The mathematics major prepares students for traditional activities such as graduate study, teaching, and work as an actuary, accountant, actuary, computer programmer, doctor, engineer, investment manager, lawyer, government research and laboratories. We've said why you should study mathematics, but what about careers in mathematics? Where exactly can studying mathematics take you and what jobs can you do? Mathematics students tend to have well-developed skills in logical thinking and problem solving. They are experts in analyzing data and creating models to draw meaningful conclusions. Can identify patterns and use quantitative data to build solutions.

That's why the types of jobs you can get with a mathematics degree are so diverse. You can pursue careers in areas such as insurance, banking, education, logistics and more. Graduates with a degree in mathematics can serve as statistician, operations research analyst, actuary and professor of mathematics. Other common mathematical careers include: intelligence analysis, operational research, statistical research, logistics, financial analysis, market research (for business), management consulting, IT (systems analysis, development or research), software engineering, computer programming, industry public (ability to advise as a scientist or statistician), scientific research and development (e.

In fact, basic and intermediate mathematical skills are used in many more jobs that don't require a degree in mathematics than those that do. Mathematical modelers can work in areas ranging from animation and video game design to aerospace engineering or biological research. Study found that, on average, mathematics graduates performed better on the Law School Admission Examination (LSAT) than examinees from 45 other disciplines. According to a study by Georgetown University, about half of those who complete a bachelor's degree in mathematics earn an advanced degree in the field.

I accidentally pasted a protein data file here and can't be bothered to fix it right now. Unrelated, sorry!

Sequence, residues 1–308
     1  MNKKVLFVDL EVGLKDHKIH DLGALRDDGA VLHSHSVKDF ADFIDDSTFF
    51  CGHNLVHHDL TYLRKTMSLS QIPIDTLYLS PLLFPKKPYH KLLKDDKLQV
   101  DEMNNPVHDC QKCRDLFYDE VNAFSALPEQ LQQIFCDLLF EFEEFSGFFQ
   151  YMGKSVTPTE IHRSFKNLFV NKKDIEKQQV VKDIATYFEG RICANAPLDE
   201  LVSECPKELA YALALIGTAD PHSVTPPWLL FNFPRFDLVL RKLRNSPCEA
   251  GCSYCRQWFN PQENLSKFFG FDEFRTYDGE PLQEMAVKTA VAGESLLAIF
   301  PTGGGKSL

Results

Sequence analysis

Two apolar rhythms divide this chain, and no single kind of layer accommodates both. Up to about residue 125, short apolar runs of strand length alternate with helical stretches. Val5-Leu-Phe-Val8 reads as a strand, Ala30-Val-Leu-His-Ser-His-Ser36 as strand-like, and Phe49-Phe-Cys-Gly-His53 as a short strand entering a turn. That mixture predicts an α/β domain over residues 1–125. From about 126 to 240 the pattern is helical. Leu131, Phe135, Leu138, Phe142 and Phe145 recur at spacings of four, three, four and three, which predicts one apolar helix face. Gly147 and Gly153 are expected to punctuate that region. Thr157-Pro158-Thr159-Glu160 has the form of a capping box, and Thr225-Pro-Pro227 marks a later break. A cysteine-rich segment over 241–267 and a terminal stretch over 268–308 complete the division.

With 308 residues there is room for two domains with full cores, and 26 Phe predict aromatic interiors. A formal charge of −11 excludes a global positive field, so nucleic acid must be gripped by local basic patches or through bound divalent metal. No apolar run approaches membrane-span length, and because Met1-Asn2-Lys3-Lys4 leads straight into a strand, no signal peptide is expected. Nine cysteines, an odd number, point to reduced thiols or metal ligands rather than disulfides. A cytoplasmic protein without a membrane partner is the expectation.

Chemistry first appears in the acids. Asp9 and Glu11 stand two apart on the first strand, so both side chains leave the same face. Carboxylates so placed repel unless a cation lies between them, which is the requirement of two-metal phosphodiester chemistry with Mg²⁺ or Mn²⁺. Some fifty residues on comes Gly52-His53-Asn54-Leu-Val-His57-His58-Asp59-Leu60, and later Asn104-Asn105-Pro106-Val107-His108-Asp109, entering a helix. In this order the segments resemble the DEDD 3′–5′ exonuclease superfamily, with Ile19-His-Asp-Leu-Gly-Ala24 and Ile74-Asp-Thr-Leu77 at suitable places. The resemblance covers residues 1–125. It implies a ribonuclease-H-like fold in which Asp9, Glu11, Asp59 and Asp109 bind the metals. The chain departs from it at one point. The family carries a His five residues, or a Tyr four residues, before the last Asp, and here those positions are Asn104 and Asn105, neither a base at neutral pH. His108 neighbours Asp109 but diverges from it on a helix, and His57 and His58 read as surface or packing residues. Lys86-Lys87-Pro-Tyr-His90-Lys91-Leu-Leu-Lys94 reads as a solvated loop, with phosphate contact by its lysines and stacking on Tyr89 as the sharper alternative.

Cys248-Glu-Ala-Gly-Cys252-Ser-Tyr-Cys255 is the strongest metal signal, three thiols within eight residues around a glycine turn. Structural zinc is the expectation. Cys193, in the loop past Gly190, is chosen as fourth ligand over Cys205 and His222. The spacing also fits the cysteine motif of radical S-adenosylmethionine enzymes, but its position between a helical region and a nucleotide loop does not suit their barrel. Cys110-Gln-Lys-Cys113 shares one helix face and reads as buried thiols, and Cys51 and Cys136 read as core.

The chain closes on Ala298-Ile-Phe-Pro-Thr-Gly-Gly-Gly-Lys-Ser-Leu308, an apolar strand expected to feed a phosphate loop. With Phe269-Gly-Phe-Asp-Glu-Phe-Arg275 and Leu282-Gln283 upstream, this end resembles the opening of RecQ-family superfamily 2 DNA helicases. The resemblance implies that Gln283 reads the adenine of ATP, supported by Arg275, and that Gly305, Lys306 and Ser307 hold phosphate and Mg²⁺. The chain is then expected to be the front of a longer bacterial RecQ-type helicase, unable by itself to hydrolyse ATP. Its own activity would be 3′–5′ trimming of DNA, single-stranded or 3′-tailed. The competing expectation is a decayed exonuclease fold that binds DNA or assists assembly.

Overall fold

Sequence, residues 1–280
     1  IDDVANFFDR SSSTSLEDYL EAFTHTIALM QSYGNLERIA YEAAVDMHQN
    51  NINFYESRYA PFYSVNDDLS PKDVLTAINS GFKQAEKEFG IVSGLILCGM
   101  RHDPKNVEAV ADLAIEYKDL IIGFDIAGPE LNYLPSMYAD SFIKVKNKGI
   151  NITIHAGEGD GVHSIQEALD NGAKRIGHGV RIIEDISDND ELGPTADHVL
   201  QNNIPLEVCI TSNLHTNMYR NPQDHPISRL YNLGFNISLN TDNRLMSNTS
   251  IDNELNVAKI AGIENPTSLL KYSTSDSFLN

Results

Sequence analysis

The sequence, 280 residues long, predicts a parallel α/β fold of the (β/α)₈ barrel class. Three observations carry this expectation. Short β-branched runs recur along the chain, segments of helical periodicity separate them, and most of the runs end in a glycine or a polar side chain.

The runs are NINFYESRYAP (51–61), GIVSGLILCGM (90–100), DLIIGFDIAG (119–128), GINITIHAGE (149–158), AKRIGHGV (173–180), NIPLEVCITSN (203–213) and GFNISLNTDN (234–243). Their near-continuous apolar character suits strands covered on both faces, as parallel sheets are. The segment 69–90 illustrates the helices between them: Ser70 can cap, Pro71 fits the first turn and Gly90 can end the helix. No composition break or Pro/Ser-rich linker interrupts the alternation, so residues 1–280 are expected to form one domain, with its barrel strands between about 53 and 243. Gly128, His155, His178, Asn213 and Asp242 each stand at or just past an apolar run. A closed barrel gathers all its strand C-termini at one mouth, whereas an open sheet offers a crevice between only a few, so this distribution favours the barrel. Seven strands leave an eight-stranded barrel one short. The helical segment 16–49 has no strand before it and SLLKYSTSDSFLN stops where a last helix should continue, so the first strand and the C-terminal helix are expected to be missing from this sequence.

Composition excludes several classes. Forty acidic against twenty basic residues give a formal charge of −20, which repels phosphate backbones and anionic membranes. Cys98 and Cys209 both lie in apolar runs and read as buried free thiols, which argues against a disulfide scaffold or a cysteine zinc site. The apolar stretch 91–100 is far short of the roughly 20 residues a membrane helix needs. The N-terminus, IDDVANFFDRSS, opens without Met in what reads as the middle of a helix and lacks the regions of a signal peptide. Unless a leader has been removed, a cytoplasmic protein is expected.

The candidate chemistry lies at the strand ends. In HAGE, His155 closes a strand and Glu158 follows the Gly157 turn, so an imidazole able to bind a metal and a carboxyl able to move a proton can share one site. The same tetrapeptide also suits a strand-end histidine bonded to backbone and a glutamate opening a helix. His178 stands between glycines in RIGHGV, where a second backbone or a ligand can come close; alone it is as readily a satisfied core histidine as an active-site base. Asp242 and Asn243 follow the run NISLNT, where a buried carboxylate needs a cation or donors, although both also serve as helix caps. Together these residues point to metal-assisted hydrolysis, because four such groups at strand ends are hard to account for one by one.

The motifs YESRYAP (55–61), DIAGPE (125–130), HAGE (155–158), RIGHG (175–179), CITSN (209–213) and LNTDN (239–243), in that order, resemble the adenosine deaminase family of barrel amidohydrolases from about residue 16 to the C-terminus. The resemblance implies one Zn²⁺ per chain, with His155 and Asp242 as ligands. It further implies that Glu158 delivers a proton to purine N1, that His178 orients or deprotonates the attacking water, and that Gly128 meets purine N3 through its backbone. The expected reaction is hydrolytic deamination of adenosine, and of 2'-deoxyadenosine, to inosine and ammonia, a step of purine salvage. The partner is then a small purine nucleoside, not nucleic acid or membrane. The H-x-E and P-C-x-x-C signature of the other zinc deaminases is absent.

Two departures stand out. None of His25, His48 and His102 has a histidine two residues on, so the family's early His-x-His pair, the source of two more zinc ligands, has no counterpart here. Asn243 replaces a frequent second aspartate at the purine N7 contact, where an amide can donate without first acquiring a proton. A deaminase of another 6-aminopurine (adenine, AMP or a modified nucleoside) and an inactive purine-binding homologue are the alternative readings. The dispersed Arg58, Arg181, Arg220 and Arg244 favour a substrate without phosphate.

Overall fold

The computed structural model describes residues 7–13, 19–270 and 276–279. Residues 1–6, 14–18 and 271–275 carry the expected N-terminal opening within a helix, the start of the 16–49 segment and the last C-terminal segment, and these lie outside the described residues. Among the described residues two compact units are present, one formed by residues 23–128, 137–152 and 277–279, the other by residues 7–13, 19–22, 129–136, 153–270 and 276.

As a subject, mathematics is also continually growing and changing, as mathematicians and scientists expand what they already know to discover new theories and inventions. However, a large number of mathematics majors are based on business or science and technology related sectors, and mathematics graduates hold positions such as accountant, actuary, statistician, technician, economist or market researcher. A major, or concentration, provides students with knowledge and skills in a specific field of mathematics, often qualifying them for leadership positions in those practice areas. For example, if I want to throw a custard cake so that it falls on your head on a very windy day, studying mathematics can help me calculate the speed, strength and angle I need to throw it to hit the right place.

Actuaries are essential to the insurance industry and must be experts in advanced statistics and modeling software, mathematics and business. While the most common way to enter the engineering field is with an engineering degree, a degree in mathematics can also help you, in some specialized positions. Most positions require a master's degree in mathematics or computer science; it is also useful to have a thorough understanding of the different programming languages. Some positions require advanced degrees, but mathematics professionals with a bachelor's degree also enjoy a variety of career options.

Specific jobs include actuary, business analyst, software engineer, technology analyst, information engineer, speech technology researcher, and mathematics teacher. But these skills also feature prominently in some careers that may not seem like a natural endpoint for someone with a math degree.